Friday, June 5, 2015

Soundcloud Contract with Music Publishers Leaked: Paid Tiers Coming?

Written by Ryan Middleton

A contract that Soundcloud is reportedly about to sign with major music publishers has just been leaked. Digital Music News got their hands on the contract, which outlined splits and advances between the Berlin-based streaming and discovery service, as well as paid tiers for customers that would increase royalty payouts and create an ad-free experience.

The contract between the National Music Publishers' Association and Soundcloud is still unsigned, however last month the two sides announced they had come to terms on a deal. It is unclear whether or not this leak might put the deal currently on the table and in front of you in jeopardy.

The contract is full of interesting notes about how Soundcloud would pay royalties and attempt to become a legal music service. It would pay 10.5 percent of its revenue, including ads or about 22 percent of what it earns on sound recording rights — whichever is higher. Soundcloud will also pay a $350,000 advance to the publishers, based on money generated on paid tiers.

The document implies deals could be reached for independent and major labels, but the publishers finagled a Most Favored Nation clause to keep their compensation equal to any majors once market share is accounted for.

One of the most radical changes would be from the new proposed paid tier system that would offer a differing range of services that expand as you pay more — surprise, surprise. The "Additional Services" tier would let users pay for an ad-free experience and download a limited number of songs. Labels would take $0.18 per Additional Services member per month if it is higher than the revenue or sound recording rights income for the tier. The second tier "Soundcloud Full Catalog Subscription Service" would be offer access to much more music and labels would earn $0.80 per user per month.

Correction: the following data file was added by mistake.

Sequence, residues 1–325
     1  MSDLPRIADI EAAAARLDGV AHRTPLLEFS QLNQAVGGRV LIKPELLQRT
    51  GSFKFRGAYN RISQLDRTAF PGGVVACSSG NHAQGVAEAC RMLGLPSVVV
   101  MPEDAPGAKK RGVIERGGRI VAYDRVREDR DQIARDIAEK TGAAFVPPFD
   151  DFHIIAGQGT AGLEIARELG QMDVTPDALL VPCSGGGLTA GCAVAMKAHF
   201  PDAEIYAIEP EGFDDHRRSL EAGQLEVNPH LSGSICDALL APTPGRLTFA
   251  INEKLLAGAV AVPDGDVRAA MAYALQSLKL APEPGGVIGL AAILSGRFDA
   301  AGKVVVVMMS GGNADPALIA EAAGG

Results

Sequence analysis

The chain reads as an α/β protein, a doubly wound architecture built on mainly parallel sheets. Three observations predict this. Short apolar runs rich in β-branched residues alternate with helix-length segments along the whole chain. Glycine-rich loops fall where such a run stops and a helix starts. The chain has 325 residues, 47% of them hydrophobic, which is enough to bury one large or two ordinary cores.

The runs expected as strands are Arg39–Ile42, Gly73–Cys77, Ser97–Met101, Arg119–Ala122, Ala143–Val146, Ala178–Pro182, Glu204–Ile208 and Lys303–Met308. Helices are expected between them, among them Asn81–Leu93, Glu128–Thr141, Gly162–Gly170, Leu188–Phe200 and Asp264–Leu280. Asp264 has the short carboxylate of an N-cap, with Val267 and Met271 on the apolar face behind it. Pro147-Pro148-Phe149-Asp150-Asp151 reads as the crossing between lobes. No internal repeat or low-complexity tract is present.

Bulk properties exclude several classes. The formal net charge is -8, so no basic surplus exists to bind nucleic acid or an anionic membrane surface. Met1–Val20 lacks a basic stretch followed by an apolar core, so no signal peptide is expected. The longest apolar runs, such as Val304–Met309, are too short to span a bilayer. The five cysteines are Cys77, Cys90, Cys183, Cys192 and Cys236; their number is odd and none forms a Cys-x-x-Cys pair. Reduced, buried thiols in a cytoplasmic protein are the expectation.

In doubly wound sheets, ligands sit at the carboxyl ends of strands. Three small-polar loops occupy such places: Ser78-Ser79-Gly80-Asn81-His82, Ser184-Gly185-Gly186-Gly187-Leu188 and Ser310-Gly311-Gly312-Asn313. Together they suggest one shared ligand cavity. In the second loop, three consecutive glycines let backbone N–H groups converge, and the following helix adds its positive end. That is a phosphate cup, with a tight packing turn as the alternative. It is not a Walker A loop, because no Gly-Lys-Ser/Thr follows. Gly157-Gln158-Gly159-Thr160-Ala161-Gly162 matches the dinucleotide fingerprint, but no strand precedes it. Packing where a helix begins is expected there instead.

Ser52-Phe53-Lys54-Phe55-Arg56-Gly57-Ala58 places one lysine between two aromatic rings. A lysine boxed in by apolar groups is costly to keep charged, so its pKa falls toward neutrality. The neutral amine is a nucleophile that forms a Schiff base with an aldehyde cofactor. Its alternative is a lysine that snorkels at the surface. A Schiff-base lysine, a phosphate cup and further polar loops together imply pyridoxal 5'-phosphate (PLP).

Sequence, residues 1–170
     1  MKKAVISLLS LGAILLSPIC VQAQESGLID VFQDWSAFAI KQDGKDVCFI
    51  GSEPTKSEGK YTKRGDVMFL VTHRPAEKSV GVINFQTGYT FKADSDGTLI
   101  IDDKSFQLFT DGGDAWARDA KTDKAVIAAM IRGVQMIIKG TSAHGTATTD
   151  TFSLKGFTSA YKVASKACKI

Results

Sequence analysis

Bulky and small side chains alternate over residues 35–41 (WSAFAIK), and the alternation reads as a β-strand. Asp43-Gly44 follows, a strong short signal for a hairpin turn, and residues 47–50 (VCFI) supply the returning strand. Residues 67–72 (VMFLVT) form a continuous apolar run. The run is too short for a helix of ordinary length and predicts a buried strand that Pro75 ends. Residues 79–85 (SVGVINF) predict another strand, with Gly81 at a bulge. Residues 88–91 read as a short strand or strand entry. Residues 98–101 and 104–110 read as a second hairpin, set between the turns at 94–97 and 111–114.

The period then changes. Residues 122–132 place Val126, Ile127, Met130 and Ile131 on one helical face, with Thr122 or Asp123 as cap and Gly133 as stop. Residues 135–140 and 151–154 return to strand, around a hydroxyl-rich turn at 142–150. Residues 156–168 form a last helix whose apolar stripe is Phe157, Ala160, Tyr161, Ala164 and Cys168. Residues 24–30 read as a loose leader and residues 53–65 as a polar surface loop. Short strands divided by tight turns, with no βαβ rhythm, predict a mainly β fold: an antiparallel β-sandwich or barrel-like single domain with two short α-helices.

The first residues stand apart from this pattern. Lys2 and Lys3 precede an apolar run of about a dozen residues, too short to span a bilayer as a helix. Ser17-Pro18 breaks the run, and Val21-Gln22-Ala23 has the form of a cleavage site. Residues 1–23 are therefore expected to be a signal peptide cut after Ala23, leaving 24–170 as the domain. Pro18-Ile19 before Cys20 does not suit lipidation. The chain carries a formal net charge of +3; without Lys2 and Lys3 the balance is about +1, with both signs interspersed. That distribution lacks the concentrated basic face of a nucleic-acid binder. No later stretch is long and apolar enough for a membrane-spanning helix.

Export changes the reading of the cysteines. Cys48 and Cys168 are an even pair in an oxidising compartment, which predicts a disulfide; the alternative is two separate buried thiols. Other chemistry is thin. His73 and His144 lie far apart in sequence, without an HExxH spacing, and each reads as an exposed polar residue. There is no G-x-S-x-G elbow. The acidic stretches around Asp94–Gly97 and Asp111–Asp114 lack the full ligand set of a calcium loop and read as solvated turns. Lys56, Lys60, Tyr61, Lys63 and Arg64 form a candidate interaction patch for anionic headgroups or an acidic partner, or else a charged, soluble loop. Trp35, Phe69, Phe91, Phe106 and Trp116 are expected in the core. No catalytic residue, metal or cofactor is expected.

A free ad-supported tier will still be allowed, but there will be pressure to sign up new members to its reported subscription possibilities.

Soundcloud is at a crossroads. It has been laboring through attempted negotiations with the major labels who are tired of seeing hundreds of hours of unlicensed material get uploaded onto the service every day without getting a penny for the plays on those streams. It has already signed a deal with Warner Music Group, which has enabled more ads on their content and started to generate some revenue from the plays on WMG artist pages. Negotiations have broken down with Universal and Sony, who has started taking their music down from the service, sometimes against their artist's wishes.

We will see what happens next, as Soundcloud continues to try and keep their customers while also creating a sustainable business model that can get artists (but mostly the labels) paid.

Click here to read the contract for yourself and to learn more from this article's source.